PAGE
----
Agricultural yield recovered slightly in 2010-2013 from mid-2005 levels, and the Agriculture Ministry hoped to achieve self-sufficiency in food production by the end of 2014. However, fighting across northern Iraq following ISIS’s advances robbed farmers of their harvest for three years in a row, resulting in a 40 percent contraction across the agricultural sector. Among the first government entities ISIS targeted in newly-captured territories were local Agriculture Ministry offices, where they looted large cash reserves and expensive equipment that had originally been destined for distribution in the form of subsidies to growers.
The loss of these administrative institutions weakened local resilience to unpredictable environmental fluctuations, preventing fertilizer and water allocation services. Unlike their counterparts in Jordan and Turkey, who employ advanced drip-irrigation methods, Iraqi growers rely on rainfall channeled through surface irrigation canals. The past three winters have been some of the driest on record in the region, forcing farmers reliant on water-intensive crops like wheat (which had been subsidized by the Saddam regime) to abandon their fields.
Access to sufficient irrigation in mixed areas near the Iraq-Syria-Turkey tri-border has proven a daunting obstacle for growers and a powerful tool of social control for political actors. While much of northern Iraq’s farms rely on rainfall, fields in the Sinjar area employ a combination of artificial and natural processes. After seizing control of farmland in the region, ISIS militants reportedly levied taxes on water access – pushing already-impoverished families to seek alternative sources of income as their fields dried. In Ninewa Province, for example, these practices produced significant demographic shift as poor rural farmers moved into Mosul, exacerbating socioeconomic divisions between the city’s traditional populations and communities in its hinterland. In Kirkuk Province, Iraqi Kurdish Peshmerga reportedly blocked several canals in an effort to deprive ISIS fighters of drinking water in occupied territory, which caused further upheaval.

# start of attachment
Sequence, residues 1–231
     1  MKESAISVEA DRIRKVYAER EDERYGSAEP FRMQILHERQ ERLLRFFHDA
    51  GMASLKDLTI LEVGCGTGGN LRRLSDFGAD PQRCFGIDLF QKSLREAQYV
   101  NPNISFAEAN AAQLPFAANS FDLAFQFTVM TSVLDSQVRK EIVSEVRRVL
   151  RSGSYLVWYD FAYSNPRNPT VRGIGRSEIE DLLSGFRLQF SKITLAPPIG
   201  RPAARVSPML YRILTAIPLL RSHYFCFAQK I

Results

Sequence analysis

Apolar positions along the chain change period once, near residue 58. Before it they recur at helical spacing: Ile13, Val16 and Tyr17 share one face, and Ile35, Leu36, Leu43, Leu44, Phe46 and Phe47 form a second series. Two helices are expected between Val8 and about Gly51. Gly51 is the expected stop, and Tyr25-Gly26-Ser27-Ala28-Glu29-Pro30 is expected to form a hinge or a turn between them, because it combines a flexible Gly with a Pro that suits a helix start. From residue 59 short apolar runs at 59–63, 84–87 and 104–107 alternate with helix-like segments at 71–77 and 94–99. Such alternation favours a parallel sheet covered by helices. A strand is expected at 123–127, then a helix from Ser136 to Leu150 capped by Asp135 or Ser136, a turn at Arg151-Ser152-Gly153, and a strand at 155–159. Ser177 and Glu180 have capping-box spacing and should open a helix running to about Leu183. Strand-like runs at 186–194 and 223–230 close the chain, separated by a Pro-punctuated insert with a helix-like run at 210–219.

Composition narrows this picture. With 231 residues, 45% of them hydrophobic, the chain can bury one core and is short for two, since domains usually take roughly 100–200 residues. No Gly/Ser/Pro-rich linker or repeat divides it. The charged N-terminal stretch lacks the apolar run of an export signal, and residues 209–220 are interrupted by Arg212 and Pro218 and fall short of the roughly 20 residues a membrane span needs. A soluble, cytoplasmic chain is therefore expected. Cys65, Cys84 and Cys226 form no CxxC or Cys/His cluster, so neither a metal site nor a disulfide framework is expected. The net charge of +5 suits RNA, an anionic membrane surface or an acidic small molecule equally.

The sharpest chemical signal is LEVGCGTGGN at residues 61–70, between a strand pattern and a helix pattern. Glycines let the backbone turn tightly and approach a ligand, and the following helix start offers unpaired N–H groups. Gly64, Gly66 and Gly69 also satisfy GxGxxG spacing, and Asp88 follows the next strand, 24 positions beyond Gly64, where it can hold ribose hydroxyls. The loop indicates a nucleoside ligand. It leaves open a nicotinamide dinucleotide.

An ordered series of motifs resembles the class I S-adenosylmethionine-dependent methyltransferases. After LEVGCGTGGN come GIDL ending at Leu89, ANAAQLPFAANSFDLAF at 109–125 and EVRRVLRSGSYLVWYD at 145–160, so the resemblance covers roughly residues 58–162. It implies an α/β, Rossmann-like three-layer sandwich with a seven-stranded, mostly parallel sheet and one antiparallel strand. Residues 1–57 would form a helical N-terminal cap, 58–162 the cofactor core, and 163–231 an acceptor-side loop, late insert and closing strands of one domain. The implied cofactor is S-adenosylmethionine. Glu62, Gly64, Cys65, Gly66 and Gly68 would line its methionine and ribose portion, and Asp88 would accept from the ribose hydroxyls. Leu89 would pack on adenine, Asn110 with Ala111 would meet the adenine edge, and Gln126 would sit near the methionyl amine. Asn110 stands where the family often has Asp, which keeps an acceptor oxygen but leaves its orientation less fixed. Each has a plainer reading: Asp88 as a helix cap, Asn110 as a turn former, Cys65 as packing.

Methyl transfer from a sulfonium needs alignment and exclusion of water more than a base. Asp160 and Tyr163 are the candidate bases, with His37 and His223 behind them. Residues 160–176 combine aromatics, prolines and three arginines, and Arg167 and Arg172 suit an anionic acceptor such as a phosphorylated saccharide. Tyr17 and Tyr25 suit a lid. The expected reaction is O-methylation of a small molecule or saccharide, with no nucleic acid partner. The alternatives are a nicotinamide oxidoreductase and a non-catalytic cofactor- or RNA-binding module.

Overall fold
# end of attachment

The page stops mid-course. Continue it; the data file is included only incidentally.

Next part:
Barriers to Recovery
Faced with ongoing economic crisis – deepened by the need to fund postwar reconstruction while oil prices remain low – Baghdad has struggled to devise a coherent strategy for restoring Iraqi agricultural capacity. Since the immediate post-Saddam period, however, Iraq’s agriculture sector has lacked sufficient funding to modernize methods, materials, and equipment. For nearly a decade, Iraqi policymakers have neglected the country’s agriculture, despite its significance within Iraq’s economic structure; most of Baghdad’s attention has focused on building the oil sector, a strategy that today seems unsustainable as oil prices hover just below US$50 per barrel (compared to US$105-109 per-barrel prices in 2010-2013). In 2010, the Agriculture Ministry received just US$1.4 billion for investment – a fraction of the sum requested in the country’s five-year national development plan. Seven years later, funding sources have diminished further, raising doubts that Iraqi agriculture will ever recover following ISIS’s ouster. For example, In April 2016, Naif Saido Kassem, the mayor of al- Shemal sub-district in Sinjar, said it would take $70 million to repair the damage in his jurisdiction. So far, the Iraqi government has only provided $45 thousand in land reclamation and equipment replacement.
Financial shortfall in Baghdad poses a particularly dangerous threat to Iraqi farmers who remain over-reliant on state intervention at all stages of the growing process. Since the late 1980s, various Iraqi governments have incentivized farmers to grow wheat and barley through subsidies and state purchasing programs – although much of northern Iraq’s rain-fed environment is better suited to orchard fruit, vegetable, and cotton crops. Over the past decade, the Agriculture Ministry has continued to implement similar policies despite the dwindling funds available to it. In 2008, it doubled the wheat prices paid to farmers in an effort to promote cereal production; the following year it attempted to ban fruit and vegetable import while imposing a tariff on cheap foreign equipment imports. In 2013, the Ministry announced that it would increase its purchase of Iraqi wheat and barley.